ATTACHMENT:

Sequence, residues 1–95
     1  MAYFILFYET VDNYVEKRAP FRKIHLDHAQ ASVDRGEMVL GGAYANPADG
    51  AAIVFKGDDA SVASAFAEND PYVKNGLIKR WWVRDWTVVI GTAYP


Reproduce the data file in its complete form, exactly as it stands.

Sequence, residues 1–95
     1  MAYFILFYET VDNYVEKRAP FRKIHLDHAQ ASVDRGEMVL GGAYANPADG
    51  AAIVFKGDDA SVASAFAEND PYVKNGLIKR WWVRDWTVVI GTAYP